Gracious words are like honeycomb, sweet to the soul and healing to the bones. ~ Proverbs 16:24
Gracious words are not the norm between a mother and her teenage daughter. It can be a time of tension and frustration as she learns to take hold and you to begin letting go. Maybe your daughter’s struggling to fit in and you are the target of her aggravation. For some of you, you just wish she would be respectful; of you, herself, and others. Could it be your daughter has brought home a boy she wants to date, is dating and you are thinking over my dead body! Maybe it’s her grades as she’s so consumed with being social and not seeing the ramifications of doing poorly in school. Being a mom of a teenager is a season filled with a whole lot of emotion, isn’t it?
Let’s face it moms, there is a lot of destruction trying to ensnare our girls in this crazy world we live in.
If you are identifying with me, let me ask you, are your conversations with your daughter filled mostly with correction? Do you find yourself spending most of your time together telling her what she isn’t doing, should be doing or shouldn’t be doing? Do you spend precious moments rehashing that one thing that needs to change?
Can I share something with you that has incredibly impacted not only my relationship with my daughters, but my relationship with myself and my God? Instead of spending valuable moments correcting or warning so she avoids making a wrong move, try extending gracious words. I know this may seem crazy and you may be thinking you have no idea what I’m dealing with. And you are right. I have no idea what you’re dealing with. I do, however, know the incredible shift in my own relationship with my daughter when I started parenting like I believe in her, like I believe God is using what I have already taught her.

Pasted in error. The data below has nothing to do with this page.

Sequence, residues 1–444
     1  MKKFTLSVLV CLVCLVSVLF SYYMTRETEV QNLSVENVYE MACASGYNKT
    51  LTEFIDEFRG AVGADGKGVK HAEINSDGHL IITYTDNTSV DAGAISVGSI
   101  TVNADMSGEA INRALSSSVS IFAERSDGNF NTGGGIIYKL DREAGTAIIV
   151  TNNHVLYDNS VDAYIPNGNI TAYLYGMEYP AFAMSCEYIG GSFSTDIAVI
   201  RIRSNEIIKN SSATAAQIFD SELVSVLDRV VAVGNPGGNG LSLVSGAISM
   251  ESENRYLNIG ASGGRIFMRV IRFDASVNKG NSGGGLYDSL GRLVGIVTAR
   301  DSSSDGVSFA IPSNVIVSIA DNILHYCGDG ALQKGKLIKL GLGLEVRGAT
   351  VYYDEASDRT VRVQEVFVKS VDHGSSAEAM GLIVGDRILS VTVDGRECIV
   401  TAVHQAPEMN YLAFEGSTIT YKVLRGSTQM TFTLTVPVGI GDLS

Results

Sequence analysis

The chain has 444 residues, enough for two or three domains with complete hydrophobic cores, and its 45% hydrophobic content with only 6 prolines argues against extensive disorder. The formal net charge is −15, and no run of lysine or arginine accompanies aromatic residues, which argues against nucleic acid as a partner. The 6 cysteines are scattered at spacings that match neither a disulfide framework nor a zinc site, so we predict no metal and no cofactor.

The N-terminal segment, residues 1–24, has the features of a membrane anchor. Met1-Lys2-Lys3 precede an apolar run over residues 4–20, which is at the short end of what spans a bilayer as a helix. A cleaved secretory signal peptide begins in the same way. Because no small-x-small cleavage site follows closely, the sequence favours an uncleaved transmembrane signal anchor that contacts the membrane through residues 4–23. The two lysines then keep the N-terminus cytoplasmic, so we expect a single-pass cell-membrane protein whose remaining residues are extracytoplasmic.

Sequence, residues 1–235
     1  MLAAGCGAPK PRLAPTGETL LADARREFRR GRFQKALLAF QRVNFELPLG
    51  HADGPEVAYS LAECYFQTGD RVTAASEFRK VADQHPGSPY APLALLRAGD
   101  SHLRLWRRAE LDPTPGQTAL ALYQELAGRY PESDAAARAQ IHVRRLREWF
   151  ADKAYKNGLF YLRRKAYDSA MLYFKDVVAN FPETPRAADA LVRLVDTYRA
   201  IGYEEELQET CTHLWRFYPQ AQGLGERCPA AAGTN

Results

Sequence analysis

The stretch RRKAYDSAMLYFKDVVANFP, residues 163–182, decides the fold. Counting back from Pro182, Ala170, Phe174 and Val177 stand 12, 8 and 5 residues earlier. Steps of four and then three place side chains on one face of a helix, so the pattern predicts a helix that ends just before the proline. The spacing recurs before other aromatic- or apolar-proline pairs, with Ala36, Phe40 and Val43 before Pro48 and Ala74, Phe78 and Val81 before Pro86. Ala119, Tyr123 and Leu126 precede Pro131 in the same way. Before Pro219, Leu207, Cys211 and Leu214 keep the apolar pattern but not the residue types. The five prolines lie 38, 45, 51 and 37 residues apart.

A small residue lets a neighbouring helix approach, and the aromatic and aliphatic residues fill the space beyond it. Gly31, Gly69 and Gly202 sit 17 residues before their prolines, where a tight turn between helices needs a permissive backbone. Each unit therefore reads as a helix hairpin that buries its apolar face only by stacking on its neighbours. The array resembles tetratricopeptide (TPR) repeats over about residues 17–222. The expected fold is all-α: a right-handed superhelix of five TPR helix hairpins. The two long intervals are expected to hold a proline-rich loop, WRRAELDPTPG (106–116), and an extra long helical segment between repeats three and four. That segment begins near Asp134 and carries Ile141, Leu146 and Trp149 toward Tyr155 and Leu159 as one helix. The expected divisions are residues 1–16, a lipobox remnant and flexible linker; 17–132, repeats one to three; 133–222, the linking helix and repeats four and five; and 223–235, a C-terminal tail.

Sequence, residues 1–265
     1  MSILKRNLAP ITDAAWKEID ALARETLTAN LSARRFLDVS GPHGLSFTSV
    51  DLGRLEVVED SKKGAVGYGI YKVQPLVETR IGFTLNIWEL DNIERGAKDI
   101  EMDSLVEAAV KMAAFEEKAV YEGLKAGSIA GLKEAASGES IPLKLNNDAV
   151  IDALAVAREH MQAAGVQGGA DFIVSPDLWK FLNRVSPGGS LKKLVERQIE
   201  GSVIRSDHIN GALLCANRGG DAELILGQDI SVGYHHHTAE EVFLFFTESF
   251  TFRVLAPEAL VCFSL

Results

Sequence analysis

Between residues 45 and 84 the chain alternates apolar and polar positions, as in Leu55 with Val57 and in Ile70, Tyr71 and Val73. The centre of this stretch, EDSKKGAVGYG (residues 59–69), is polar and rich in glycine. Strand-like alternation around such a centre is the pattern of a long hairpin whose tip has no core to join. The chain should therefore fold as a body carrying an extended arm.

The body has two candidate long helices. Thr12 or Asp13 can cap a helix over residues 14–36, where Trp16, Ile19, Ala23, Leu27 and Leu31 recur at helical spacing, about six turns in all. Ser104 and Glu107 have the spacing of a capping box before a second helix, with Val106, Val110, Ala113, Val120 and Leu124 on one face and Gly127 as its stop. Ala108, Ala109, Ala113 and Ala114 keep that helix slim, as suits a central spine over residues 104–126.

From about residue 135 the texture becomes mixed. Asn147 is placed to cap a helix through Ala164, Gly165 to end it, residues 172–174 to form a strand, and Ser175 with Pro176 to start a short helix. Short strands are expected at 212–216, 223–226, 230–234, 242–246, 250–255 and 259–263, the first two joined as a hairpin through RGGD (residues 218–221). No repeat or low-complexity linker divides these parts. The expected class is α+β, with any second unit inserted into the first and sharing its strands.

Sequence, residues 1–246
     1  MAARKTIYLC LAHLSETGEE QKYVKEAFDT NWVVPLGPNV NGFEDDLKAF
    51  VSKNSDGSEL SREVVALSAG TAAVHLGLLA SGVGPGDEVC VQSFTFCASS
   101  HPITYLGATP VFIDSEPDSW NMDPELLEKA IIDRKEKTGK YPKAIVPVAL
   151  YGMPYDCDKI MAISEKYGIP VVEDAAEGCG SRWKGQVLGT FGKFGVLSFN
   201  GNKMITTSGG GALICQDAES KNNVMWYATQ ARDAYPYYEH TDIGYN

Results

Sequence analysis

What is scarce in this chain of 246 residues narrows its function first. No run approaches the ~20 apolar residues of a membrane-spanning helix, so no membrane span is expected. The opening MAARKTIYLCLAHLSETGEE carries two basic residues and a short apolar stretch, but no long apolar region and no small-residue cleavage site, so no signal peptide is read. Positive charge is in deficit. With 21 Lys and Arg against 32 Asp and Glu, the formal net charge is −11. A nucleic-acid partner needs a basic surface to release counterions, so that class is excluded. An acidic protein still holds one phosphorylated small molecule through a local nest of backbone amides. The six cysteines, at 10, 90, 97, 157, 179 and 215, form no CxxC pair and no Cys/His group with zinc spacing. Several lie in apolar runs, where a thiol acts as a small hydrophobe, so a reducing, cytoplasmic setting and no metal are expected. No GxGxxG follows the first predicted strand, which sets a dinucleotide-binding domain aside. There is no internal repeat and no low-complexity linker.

I tell you with tears welling up that it completely shifted my perspective and my heart. Instead of parenting out of fear, I began parenting out of faith. Instead of telling her how to solve things, I would ask wise questions believing she would come up with a good answer. I encouraged her to take hold of her life instead of trying to keep hold until she’s ready.
Moms, this is not about flattery! Flattery deceives our daughters and corrupts their minds. Flattery won’t build your daughter up; it will puff her up, so please know I’m not encouraging flattery. What I’m sharing with you is a shift of perspective that will overflow your heart with joy to be the mom of your teen because you began to believe again. Believe that God is for you and for your daughter. Believe that the truth planted in her heart would indeed take root. Believe that all those hours, days and years of teaching wrong versus right could begin to be seen and owned. More times than not, our daughters know truth and when given the responsibility to own it, they will surprise you with how well they flourish.
Recently, I was listening to a daughter share about her relationship with her mom. Her mom loves Jesus, loves her daughter and desires for their relationship to be everything God could ever shape it to be. Yet, as the daughter shared of conversations with her mom, they were filled with telling her all she is doing wrong, not building her up with anything she was doing right. It struck me deep, because for several years, that was me, and maybe that is you. With the greatest intentions we can tear our daughters down.
Start believing again. Believe God is going to do a glorious work in your daughter. Believe she has heard all the love and truth you have poured into her over the years, believe you are the mom God has called you to be.
With that belief, speak gracious words that build up, heal and are sweet to the soul. In doing so, you will create a safe space for her to grow and instead of shutting you out and pulling away she will be inviting you in to watch her take hold of the life God has given her and thrive.
By: Kelly Vance